Energy for Biomimetic Robots: Challenges and Solutions
Author(s)Paik, Jamie; Shepherd, Robert; Trimmer, Barry A.; Messner, William C.; Kim, Sangbae
MetadataShow full item record
Animals and autonomous robots need to carry their own fuel (unlike plants, they do not generate usable energy from their surroundings). Animals typically exceed the normal endurance and range of all our current untethered robots. As an obvious example, humans have tremendous burst speed (less than 10 seconds to run 100 meters) and endurance (running a 26-mile marathon), and they can continue to do everyday activities without refueling (eating) for several days. The typical cost of transport for humans is about 0.2. In comparison, most robots operate for less than 1 hour on their carried fuel; the cost of transport is 15 or 20 times more than that for animals. An intriguing insight is that passive dynamic walkers can approach the human cost of transport (the Cornell Ranger can walk nonstop for 65 km), but this is a single optimized task (walking) with none of the versatility of an animal that can step over objects and operate on varied terrain. What it does illustrate is that structures (and by extension, material properties) can be exploited to ‘‘get the most’’ out of a given fuel source. Surely, this is what animals do on a continuous basis. What do we need to do to give our robots similar capabilities? In particular, what are the special demands, advantages, and limitations of fuel storage and usage in soft robots? To begin exploring some of these issues and to also stimulate a larger dialog in the robot community, the following discussion has been compiled from a series of questions posed to the participants.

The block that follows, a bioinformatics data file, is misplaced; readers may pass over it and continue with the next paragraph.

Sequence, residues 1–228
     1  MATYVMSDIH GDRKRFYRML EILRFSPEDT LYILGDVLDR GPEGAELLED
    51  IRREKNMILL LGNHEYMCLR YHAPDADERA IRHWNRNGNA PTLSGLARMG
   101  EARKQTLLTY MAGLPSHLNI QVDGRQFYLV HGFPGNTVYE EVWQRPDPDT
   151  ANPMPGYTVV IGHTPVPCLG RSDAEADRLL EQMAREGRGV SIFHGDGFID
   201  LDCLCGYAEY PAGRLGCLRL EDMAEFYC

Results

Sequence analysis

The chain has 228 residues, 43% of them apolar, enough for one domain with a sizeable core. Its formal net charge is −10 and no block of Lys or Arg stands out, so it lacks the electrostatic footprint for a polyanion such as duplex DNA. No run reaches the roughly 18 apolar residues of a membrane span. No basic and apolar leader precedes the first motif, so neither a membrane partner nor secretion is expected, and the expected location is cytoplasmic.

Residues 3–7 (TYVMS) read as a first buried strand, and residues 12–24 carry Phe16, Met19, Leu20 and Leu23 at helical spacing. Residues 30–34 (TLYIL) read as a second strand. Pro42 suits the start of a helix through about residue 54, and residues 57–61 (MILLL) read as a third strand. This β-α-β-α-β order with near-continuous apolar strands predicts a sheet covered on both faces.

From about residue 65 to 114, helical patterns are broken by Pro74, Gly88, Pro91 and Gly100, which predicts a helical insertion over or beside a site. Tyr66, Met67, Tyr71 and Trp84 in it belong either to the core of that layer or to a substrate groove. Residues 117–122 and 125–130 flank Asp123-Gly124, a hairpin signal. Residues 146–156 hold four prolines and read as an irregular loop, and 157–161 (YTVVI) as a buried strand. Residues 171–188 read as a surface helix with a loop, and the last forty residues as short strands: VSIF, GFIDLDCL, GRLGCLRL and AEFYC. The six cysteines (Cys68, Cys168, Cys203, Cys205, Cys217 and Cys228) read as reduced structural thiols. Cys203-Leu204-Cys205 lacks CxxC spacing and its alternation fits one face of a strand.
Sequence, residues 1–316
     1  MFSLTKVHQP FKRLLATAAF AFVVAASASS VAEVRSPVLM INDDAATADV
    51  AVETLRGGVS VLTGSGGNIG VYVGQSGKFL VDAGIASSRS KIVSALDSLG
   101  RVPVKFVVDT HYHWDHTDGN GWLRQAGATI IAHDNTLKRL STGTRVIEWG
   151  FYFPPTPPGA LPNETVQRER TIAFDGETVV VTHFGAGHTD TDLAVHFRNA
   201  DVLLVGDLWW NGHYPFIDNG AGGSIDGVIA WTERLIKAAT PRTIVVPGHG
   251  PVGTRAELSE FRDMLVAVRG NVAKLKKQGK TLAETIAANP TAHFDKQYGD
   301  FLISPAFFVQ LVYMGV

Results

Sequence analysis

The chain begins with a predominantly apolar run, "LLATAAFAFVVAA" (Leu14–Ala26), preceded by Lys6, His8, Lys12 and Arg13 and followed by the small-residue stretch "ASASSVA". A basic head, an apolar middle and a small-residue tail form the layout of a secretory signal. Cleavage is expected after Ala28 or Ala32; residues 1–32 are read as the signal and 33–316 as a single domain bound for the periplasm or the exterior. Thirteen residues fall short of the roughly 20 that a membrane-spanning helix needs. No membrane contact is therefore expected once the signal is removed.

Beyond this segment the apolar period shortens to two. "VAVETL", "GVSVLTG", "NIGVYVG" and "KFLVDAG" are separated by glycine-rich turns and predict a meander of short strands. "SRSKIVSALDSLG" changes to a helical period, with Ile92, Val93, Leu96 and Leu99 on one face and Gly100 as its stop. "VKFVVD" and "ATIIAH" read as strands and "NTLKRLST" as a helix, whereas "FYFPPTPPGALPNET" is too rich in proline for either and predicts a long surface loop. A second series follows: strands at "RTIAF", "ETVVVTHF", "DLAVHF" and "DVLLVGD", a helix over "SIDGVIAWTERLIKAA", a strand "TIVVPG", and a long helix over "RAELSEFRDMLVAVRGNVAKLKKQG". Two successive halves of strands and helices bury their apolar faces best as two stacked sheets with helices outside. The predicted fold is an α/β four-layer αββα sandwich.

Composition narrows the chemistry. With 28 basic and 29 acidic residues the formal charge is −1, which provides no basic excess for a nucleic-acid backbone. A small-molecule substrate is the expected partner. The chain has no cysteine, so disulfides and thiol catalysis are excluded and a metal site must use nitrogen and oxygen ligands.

DepartmentMassachusetts Institute of Technology. Department of Mechanical Engineering
Mary Ann Liebert Inc
Messner, Participants: William C., Jamie Paik, Robert Shepherd, Sangbae Kim, and Barry A. Trimmer. “Energy for Biomimetic Robots: Challenges and Solutions.” Soft Robotics 1, no. 2 (June 2014): 106–109.
Final published version